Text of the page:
At Venice you’re guaranteed a taste of old Hollywood glamour – Lady Gaga delicately perching over the edge of a moving water taxi, George and Amal Clooney gliding over the horizon or Jennifer Lopez and Ben Affleck making their red carpet debut.
But the world’s oldest film festival, now entering its 80th year, places equal emphasis on the new. The 11-day event launched on Wednesday with the Adam Driver flick White Noise, marking the first time a Netflix film has officially opened Venice – seven years after the festival became the first to open its competition to streaming services.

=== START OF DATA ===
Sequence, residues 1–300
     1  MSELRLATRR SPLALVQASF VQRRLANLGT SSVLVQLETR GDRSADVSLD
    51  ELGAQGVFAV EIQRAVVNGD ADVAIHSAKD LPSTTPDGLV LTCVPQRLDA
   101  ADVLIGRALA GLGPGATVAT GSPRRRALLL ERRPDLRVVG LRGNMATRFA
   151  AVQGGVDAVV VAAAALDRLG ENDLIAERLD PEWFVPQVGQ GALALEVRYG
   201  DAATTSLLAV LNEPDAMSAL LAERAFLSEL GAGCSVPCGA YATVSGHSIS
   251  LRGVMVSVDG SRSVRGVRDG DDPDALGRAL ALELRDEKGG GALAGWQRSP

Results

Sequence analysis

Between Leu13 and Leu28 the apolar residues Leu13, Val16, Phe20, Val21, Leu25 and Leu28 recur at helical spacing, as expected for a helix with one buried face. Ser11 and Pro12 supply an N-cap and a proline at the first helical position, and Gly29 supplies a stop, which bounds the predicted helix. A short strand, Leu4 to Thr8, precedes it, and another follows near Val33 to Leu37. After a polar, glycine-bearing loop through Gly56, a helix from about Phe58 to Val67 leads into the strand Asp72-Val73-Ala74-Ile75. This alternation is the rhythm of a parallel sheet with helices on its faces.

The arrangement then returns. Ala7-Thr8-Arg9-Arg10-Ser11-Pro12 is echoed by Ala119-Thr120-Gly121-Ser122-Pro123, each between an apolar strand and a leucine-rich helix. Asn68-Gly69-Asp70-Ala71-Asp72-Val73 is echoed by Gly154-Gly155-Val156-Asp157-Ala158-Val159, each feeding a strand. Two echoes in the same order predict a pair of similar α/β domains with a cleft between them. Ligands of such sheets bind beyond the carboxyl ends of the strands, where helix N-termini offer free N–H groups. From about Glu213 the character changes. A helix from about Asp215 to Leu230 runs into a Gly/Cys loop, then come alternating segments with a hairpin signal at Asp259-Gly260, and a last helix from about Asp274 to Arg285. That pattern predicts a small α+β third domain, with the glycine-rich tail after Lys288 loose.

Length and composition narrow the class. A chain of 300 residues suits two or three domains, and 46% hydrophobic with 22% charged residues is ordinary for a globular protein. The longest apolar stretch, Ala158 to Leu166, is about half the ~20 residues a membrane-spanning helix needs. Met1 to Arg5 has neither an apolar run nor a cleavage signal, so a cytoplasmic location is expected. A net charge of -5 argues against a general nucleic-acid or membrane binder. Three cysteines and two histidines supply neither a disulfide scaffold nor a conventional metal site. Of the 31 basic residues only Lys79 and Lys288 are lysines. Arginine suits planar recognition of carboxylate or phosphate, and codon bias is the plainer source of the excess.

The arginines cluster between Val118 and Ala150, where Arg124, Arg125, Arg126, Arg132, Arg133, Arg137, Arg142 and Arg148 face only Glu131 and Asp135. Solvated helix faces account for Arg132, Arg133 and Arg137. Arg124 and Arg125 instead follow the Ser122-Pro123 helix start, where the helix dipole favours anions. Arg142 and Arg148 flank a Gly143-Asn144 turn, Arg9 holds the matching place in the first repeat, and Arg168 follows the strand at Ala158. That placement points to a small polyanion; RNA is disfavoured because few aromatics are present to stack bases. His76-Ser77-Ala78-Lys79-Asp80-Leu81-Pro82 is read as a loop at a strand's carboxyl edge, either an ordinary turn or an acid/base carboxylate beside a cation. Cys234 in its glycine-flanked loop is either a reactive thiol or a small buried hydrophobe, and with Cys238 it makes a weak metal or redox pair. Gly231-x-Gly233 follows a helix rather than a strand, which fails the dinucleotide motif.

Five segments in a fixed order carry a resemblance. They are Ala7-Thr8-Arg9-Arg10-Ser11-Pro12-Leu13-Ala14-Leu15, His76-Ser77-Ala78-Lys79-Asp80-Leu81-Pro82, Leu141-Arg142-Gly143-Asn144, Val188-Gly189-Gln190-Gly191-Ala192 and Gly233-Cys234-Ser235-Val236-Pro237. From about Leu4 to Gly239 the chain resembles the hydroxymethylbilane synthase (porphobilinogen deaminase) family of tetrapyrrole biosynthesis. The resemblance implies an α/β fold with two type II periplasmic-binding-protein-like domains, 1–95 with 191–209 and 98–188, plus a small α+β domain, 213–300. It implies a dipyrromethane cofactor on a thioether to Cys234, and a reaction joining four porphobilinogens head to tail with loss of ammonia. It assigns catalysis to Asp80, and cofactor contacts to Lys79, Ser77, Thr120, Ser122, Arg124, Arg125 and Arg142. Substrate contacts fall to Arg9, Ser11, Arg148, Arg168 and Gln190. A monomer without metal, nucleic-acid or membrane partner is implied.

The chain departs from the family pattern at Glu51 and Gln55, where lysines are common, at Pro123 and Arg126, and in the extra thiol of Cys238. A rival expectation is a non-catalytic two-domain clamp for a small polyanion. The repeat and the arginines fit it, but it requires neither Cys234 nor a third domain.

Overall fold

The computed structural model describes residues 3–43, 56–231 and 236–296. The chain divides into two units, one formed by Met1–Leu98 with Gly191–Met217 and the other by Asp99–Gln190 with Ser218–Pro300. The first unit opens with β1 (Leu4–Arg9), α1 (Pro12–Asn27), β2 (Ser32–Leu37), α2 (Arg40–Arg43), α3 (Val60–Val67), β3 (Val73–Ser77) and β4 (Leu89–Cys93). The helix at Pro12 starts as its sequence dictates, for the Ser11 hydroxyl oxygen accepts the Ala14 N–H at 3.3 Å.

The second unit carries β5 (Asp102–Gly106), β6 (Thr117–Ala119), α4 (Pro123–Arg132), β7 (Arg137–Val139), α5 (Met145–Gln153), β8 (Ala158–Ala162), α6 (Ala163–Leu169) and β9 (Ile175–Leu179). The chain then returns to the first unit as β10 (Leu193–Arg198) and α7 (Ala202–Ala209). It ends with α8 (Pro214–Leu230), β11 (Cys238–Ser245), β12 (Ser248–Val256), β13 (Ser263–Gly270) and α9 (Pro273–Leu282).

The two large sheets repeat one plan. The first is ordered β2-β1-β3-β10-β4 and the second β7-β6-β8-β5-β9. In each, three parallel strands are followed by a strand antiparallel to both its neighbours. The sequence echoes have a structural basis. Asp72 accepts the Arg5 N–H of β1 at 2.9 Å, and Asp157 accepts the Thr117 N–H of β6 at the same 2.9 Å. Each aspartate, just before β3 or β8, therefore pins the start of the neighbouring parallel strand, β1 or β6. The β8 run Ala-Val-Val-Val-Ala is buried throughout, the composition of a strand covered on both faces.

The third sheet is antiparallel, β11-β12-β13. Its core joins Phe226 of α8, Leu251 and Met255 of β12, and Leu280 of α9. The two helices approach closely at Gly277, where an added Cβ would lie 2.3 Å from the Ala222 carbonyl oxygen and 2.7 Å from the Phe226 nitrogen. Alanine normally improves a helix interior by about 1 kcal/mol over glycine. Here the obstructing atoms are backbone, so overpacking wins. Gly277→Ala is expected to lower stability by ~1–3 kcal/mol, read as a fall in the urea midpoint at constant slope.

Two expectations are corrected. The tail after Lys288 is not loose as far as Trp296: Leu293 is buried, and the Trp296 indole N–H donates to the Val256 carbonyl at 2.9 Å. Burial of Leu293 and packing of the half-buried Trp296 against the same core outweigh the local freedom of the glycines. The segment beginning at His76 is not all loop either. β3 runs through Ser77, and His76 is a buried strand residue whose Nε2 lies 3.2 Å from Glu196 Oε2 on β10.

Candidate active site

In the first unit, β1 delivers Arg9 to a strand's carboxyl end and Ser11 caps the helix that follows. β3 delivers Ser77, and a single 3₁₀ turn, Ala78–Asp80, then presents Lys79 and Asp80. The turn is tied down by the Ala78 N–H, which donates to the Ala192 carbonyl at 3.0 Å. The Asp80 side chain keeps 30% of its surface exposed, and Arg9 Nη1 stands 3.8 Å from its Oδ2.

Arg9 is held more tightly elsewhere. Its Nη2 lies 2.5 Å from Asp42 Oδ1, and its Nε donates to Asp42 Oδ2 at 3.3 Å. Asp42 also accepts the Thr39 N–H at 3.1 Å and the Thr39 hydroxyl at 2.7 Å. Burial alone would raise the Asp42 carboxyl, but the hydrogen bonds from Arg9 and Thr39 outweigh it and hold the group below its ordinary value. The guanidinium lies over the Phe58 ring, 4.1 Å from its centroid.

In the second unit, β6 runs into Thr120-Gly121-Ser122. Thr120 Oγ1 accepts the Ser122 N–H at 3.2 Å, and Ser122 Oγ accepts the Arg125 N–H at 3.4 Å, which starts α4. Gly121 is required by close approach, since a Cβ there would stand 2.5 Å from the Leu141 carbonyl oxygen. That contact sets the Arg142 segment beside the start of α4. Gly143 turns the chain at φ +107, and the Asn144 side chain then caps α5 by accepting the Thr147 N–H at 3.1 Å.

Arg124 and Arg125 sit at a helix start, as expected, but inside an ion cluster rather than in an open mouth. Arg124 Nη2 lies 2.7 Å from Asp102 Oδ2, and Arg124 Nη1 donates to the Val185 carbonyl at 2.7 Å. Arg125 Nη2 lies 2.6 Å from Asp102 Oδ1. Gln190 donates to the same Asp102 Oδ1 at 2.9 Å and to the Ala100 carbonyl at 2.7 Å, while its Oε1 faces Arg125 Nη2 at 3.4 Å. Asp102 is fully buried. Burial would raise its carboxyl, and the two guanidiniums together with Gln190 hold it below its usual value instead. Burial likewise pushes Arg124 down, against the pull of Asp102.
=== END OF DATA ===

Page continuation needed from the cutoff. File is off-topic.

Directed by Noah Baumbach and based on the Don DeLillo novel of the same name, White Noise is one of several Netflix entries competing for the Golden Lion top prize this year, as the streaming giant seeks to burnish its arthouse credentials.
The black comedy stars Driver as Jack Gladney, a middle-aged Hitler Studies professor, Greta Gerwig as Babette, his distracted wife, and a household of precocious children who together attempt to deal with an “Airborne Toxic Event”, the mundane conflicts of everyday life, and the universal mysteries love and death.
Baumbach’s last Venice film, Marriage Story, also starring Driver, went on to get six Oscar nominations and a win for Laura Dern. Speaking on Wednesday, the director said he read DeLillo’s novel in the 80s, and then again in 2020 and found that it still felt relevant. A few weeks later, the world shut down due to Covid-19.
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